It has been a whirlwind year for Isaiah Noreiga. Last April, the Dynamo Academy forward scored two goals in the championship match of the Dallas Cup to lead the the Dynamo U-16s to the title. He was also on the Dynamo squad that reached the semifinals of the SUM U-17 Cup in Houston this past summer. Now, the junior at Kingwood Park High School will fly to Trinidad & Tobago on Saturday to once again train with its U-17 national team, which is preparing for CONCACAF qualifying for the 2011 FIFA U-17 World Cup.
“This is the third time I will train with the team,” Noreiga said. “The coach first saw me play at the Dallas Cup in 2009, and after finding out both of my parents were from Trinidad, he invited me down to try out.”
Although Noreiga made the team and was invited back for a preliminary qualifying tournament last summer, a back injury forced him to miss the games and resulted in him losing his spot on the 18-man roster. Trinidad & Tobago easily advanced, however, with wins over Saint Kitts & Nevis and Bermuda and a draw with Cuba.
“I had the back injury for about two years, but it was only a mild pain,” he said. “When I went down there, we had two-a-days, so it began aggravating me more. Eventually it locked up on me, and I couldn’t play. The doctor told me my L2 disc was shifted to the left so I had to come back to Houston to do physical therapy. It was very disappointing because I worked hard to get my spot on the team and then something I could not control happened to me, forcing me to miss the games.”
After two weeks of training in Trinidad, Noreiga will return to Houston for school and, if selected for the squad, he will fly to Jamaica on February 9 for CONCACAF World Cup qualifying. The draw, which was announced yesterday, saw Trinidad & Tobago land in group C with rival Jamaica and Guatemala. The top two teams advance to the quarterfinals, where the four winners clinch a spot in the U-17 World Cup. The Houston native said he would be excited to represent his parents' homeland at the World Cup.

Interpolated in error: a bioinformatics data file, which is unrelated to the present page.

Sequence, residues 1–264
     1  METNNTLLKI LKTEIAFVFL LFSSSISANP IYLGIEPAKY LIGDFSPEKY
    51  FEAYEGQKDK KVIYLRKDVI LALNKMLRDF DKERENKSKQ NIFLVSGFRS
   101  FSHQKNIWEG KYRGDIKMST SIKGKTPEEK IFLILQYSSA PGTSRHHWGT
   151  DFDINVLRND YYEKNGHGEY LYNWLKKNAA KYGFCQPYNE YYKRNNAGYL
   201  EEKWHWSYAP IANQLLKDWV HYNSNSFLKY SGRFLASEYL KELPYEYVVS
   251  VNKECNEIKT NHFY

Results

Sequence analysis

“It would feel very good,” Noreiga said. “Even though I am from Houston, if I were to play for Trinidad at the World Cup, it would make my parents very proud.”
An added bonus for Noreiga would be the opportunity to play against Dynamo Academy goalkeeper Fernando Piña and the U.S. U-17 national team, which could be possible if both teams advance to the semifinals. Noreiga and Piña played together in the Dynamo Academy as well as against each other growing up in Houston.
“It would be a fun experience playing against him,” Noreiga said. “I also know some of the other players on the U.S. team, so it would be great if we played them.”
Dynamo Director of Youth Development James Clarkson is excited for the opportunity his player has been given and believes it is the result of the hard work that Noreiga has put in over the past few years.
“We always felt that he had the talent, but at times he wasn’t involved enough in the game,” Clarkson said. “Now he has matured into a good competitor and is starting to take control of the game.”
Noreiga began the season playing with the Dynamo U-16 squad, but after showing good form in the opening matches of the season, has made a seamless transition to playing with the U-18s. Last weekend, Noreiga played 90 minutes in a friendly against Tigres Juniors and played 45 for the 18s in a 2-1 loss to Solar Soccer Club. Although his squad was on the losing end of the match, Noreiga played well as the lone striker in the second half, holding the ball and finding his teammates in the open space.
“We felt that he was ready to make that jump,” Clarkson said. “He has good strength, speed, and is technically sound. This isn’t the first time Noreiga has played with older kids, so we were confident he could make the move and not miss a step.”
When Trinidad & Tobago coaches first saw Noreiga, he was a 15-year old playing on the Dynamo's U-19 squad at the Dallas Cup, a squad that included junior college players. Noreiga has always relished the opportunity to play with the older players and believes it has helped mold him into a stronger player.
“I like playing with the 18s, because the pace is much quicker than with the 16s,” he said. “It forces me to play and think faster. When I played with the older players at the Dallas Cup, it opened my eyes to how much I have to improve and made me realize I don’t have that much time, because that will be me in a few years.”